Devon Patterson’s furnished apartment in a luxury Manhattan building came with mid-20th-century furniture, champagne flutes and a cocktail mixer along with dishes, sheets, towels and cable television.
“I can just enjoy New York and not feel locked in by my furniture, my cable and my internet,” said Mr. Patterson, a visual-effects production manager, on a long-term temporary stay in New York for work on a Disney movie.
The furnished-rental housing market has been growing, despite competitive jolts from industry disrupters such as Airbnb and other startups.
Demand has historically been driven primarily by corporations that book stays for employees who are relocating or in town for extended periods. People also often stay in furnished apartments when they have been displaced from their homes by fires or floods or are undergoing medical treatment.
But there has also been new demand over the past decade from the shift among many Americans from owning homes to renting homes. Some renters don’t want to buy furniture for a rental apartment or deal with the cable company, tasks that are typically handled by the corporate rental provider.
Last year, revenue in the corporate-housing market—where apartments are typically leased for at least 30 days—rose 13% to $3.62 billion, according to the Highland Group, a hotel consulting firm that studied the market for the Corporate Housing Providers Association, a trade group. It was the fifth consecutive year of growth.
The number of available apartments nationwide offered for long-term corporate rentals, typically in more expensive luxury buildings, rose 6.5% to 71,201 last year. The average daily rate was up 7.3% to $161.
Corporate housing, known as serviced apartments in other parts of the world, is a niche market, where businesses such as National Corporate Housing, based in Denver, and Oakwood Worldwide, based in Los Angeles, rent apartments from landlords and then sublease them after furnishing and wiring them.
Corporate-housing companies typically lease apartments in luxury buildings. By limiting rentals to at least 30 days, they don’t run afoul of laws that restrict Airbnb-style short-term rentals in cities such as New York and San Francisco.
These providers often offer lower daily rates and more spacious apartments than extended-stay hotels. Unlike hotels, they also can jettison supply by not renewing leases with landlords, as they did after the 2008 financial crisis hit.
Mary Ann Passi, chief executive of Corporate Housing Providers, said growth in the industry is likely to come from people with a change in “generational lifestyle.” Many customers don’t want to be bogged down with housing decisions, or spend time organizing a household and paying utility bills, she said.
“We are not only seeing millennials and a younger generation who don’t want to own a home somewhere,” she said. “Empty-nesters are doing the same thing.”
Mark Skinner, a partner at the Highland Group, said that “there is growth in the units that are being marketed to people who want to write only one check.”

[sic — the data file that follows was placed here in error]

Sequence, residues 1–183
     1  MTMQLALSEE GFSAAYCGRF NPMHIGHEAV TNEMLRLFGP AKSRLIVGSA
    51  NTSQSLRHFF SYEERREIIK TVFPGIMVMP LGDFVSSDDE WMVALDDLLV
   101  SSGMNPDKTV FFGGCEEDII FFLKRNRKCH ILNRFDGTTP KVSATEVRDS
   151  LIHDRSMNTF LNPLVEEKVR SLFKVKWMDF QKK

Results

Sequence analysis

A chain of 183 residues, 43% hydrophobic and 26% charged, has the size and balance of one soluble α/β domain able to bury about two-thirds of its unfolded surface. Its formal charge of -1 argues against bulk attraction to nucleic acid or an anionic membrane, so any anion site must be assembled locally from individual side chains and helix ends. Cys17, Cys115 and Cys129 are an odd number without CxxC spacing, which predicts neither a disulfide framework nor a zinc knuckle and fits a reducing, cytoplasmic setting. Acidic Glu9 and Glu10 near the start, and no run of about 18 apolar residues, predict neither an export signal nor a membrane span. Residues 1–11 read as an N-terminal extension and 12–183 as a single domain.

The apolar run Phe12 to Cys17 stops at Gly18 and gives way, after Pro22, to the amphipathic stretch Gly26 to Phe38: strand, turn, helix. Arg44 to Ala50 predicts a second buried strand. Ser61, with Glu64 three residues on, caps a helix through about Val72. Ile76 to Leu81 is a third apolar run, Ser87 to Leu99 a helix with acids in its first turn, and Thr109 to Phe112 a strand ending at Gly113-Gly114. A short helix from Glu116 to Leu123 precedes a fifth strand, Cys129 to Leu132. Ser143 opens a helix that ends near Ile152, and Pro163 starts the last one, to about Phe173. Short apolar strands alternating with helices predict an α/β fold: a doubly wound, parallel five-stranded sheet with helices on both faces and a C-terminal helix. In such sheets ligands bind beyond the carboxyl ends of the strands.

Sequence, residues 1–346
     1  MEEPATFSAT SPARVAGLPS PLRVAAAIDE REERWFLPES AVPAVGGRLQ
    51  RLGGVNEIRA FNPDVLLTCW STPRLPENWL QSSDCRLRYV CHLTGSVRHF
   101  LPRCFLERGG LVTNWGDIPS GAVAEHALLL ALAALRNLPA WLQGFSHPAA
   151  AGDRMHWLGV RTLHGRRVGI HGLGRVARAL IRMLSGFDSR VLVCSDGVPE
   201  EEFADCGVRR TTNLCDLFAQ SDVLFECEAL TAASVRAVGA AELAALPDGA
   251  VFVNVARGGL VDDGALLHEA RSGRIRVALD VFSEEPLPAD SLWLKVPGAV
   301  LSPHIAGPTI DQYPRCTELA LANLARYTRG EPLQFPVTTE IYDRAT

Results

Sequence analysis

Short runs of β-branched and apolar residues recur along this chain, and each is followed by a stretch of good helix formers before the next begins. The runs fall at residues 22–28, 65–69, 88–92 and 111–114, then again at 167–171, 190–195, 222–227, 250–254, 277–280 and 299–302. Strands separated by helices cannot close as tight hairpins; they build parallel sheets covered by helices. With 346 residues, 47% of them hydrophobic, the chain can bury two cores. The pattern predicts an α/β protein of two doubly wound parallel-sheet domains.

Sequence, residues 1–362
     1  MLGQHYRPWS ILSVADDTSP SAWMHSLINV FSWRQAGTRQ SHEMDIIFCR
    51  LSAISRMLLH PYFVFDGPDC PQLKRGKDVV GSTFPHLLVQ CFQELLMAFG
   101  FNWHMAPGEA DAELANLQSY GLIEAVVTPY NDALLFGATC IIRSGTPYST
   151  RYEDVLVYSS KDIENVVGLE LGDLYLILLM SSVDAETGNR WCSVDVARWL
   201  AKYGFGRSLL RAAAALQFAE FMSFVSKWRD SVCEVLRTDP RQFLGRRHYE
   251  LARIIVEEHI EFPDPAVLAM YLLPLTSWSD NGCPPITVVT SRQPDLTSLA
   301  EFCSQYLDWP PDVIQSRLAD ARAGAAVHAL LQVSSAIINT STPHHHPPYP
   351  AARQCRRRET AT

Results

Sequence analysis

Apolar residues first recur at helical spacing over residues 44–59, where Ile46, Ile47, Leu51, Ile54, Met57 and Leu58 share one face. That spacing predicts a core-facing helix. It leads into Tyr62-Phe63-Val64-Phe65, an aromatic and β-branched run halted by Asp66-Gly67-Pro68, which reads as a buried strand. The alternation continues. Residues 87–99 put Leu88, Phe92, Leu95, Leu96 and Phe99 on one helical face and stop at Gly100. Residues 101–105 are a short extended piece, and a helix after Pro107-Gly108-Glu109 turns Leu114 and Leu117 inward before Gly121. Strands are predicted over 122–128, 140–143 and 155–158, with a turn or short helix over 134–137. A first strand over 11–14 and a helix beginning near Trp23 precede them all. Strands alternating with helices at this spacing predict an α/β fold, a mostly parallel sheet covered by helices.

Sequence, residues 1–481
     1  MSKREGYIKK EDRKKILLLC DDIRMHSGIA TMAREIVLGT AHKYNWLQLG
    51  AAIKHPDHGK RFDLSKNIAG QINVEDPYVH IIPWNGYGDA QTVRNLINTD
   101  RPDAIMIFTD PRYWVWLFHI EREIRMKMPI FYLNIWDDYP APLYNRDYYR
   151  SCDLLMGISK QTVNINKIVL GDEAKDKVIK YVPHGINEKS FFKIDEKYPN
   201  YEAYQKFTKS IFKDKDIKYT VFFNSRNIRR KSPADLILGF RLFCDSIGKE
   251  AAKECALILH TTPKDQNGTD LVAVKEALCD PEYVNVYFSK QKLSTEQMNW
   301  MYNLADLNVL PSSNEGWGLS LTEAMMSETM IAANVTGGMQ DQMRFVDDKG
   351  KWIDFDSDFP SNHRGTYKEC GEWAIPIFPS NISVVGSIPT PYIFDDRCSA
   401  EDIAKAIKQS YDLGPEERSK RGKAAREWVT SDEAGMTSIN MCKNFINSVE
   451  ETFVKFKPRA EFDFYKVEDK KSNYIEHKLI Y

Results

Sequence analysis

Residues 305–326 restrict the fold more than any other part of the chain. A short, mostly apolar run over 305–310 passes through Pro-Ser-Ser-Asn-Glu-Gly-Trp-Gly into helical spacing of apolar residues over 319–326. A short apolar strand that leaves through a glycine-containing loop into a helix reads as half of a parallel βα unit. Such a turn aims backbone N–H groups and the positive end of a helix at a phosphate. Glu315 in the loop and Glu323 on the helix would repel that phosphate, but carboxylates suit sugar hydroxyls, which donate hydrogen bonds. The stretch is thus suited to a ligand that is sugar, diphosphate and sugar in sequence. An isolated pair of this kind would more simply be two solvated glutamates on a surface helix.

The furnished-rental market faces competition from vacation-home rentals listed on Airbnb and vacation-rental websites such as VBRO.com. Another startup named Lyric offers short-term and long-term furnished rentals in some cities, by cutting deals for blocks of apartments with big landlords.
There is also competition for corporate furnished apartments from new tech-oriented players, such as theblueground.com, which provided Mr. Patterson’s furnished, light-filled, one-bedroom apartment for a rent of about $6,000 a month, including utilities, in Manhattan’s East Village. The furnished rent is about 25% more than the same apartment was listed for unfurnished last December, though monthly rates are higher for shorter stays.
Blueground was founded in Athens in 2013, and is active in Dubai and Istanbul as well. It moved into New York last year, and says it now leases 50 apartments a month there. It recently launched operations in San Francisco.
Alex Chatzieleftheriou, blueground’s CEO, said he spent five years living out of a suitcase in hotels as a consultant for McKinsey & Co., and found it “a bit tiring after a while.”
“It is good that everybody knows your name, but the room is small,” he said. “Sometimes you also want privacy.”
As a result, he said blueground has hired 25 software engineers to “reduce the friction” of temporary housing by offering more transparency—listing the address and unit numbers of all its apartments—and allowing users to lease, pay rent and order services online.
Mr. Patterson put his furniture into storage on the West Coast a few years ago, and then moved to London and then New York to work on his current film project.
He expects to stay in his East Village apartment, with his fiancée and dog for about 10 months. “The first night I moved in I felt right at home,” he said.
Source: Housing Trends Feed